10. Only certain times of year. Scuds is the #1 food source of a lake but it's more year round, Chironomids is the #2 and fished Late winter/early spring slacks off and then in the fall and they really key in on this when they are there.

    A guy told me once I was not a complete fisherman since I didn't chironomid fish. I saw him school me and that converted me right then and there. Just takes practice and patience. Can be the best fishing ever.
  11. Chironomids are definitely the way to go at Pass Lake. All my fish at Pass Lake have been on Chironomids.

    I may not have written my post the clearest, I was trying to say when fishing streamers (not that they are the most successful fly style to use), Michael has had more success casting/retrieving than trolling. I was just responding to Ryan's post which was asking about ways to fish streamers.
  12. There are no scuds in the majority of Willamette Valley lakes. There are very few in the high Cascade Lakes. There are, however, always midges.

    I know this from doing a lot of insect collecting and stomach samples from trout we've caught.

    At one private lake in the Willamette Valley (Red Hills Lake) we did a year around study of the insect life. We never, ever found scuds. But we always found blood worms and midge emergers and adults. During the winter, the midges are very small but they are there.

    Because the lakes that hold scuds seem to also hold the largest trout, the owner of Red Hills had a plan to introduce scuds into his lake... but he never got around to it and after he talked with the entomology dept at OSU, they told him the lakes in The Valley do not provide whatever a scud needs to thrive so he gave up on the idea.

    So, I still say midges are the number 1 bug for just about any lake -- at least in Oregon. I honestly only use scud patterns for the Crooked River. I've never had much luck using scud patterns anywhere else.

    Of course scuds could very well be the most common bug in Washington lakes.
  13. Wow, thanks for all this great advice! I only used a sinking line with the streamers, I only have full sinking and floating. The budget does not currently allow for another spool and line set for intermediate. I'll give chironomid fishing a try next time. Does it matter where you put them? I noticed a lot of guys bobber fishing near the weedbed, but I'm not sure if that is a "hot spot" or if it really matters.
  14. Yes, it matters where you put the emerger... you have to try different depths, there is no fursure spot to attach the fly.

    And yes, it does matter where you are fishing on a lake. Normally, around or over weed beds are the best areas for fly angling. ....because... that's where the bugs tend to hang out.
  15. Ryan,
    You sound a lot like me. I was at Pass for most of the day on Friday. Instead of trolling I would anchor up and use my full sinking V to fish at various depths and various retrievals. I fished both shoals, and the far shoreline working my way towards shore, and always being aware of my depth. I only managed one fish to the net! I was very disappointed as I felt highly confident about getting into fish. I covered water from all depths! I'm so jealous of guys who have double digit days fishing on that lake. I want to join the club! I saw the chironomid guys consistently hitting fish. I think I'm going to have to give it a try since what I was doing didn't produce. Although I'm still convinced that locating fish is by far more important then anything else. Another thing I learned is that I hate float tubes for any lake over 50 acres!! Couldn't feel my toes! And another issue...has someone came up with a catheder systems for fisherman other then just peeing in your waders? I've never have to go to the bathroom as much as when I'm in a float tube as far away from the bathroom as a you can be.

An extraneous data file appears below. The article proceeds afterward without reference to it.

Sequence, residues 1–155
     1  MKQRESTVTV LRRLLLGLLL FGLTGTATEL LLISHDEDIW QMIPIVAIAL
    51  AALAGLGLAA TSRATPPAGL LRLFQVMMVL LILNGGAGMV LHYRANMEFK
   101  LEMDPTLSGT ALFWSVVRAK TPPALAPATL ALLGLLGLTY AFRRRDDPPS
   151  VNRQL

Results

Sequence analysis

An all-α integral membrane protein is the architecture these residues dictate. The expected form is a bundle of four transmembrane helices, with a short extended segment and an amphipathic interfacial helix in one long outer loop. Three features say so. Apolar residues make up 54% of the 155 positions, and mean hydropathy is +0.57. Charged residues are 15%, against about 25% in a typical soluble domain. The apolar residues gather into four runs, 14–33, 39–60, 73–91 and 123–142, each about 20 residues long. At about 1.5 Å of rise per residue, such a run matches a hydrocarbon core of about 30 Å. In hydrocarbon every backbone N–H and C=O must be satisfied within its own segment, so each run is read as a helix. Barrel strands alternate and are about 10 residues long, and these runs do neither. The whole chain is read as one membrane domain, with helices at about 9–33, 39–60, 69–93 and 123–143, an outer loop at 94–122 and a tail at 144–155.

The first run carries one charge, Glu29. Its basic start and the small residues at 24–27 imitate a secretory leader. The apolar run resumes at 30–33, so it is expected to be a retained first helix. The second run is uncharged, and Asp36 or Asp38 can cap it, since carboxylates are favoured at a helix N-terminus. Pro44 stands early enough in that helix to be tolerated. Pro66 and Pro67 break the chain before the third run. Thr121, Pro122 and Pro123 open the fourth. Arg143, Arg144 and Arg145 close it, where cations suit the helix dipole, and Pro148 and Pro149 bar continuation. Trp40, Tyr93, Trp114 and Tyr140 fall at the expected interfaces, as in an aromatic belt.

16. willroll, there once was a company that produced a bag and catheter system for float tubing they called the "Whizzer".

    Of course, this meant attach the bag to your leg under your waders and then positioning the catcher in the right spot... it wasn't really practical so I don't think it is still available.

    I'd look into the zipper waders but the suckers cost a fortune and I have no intention of paying that much money just to make taking a pee easier.

    There's always Depends :)
  17. Ryan -
    No one should feel bad about getting skunked on their first outing at Pass Lake, or even in their first few outings. Lots of good advice here, but it isn't a lake known for giving up lots of trout easily, even though you may seem to hear such stories frequently. They guys who score big numbers there have spent lots of time figuring it out.

  18. By far the toughest lake i have ever fished
  19. If anyone wants to show a new guy to chronomid fishing at pass lake i will be there on April 19th and 20th and would love to get a good lesson in lake fishing.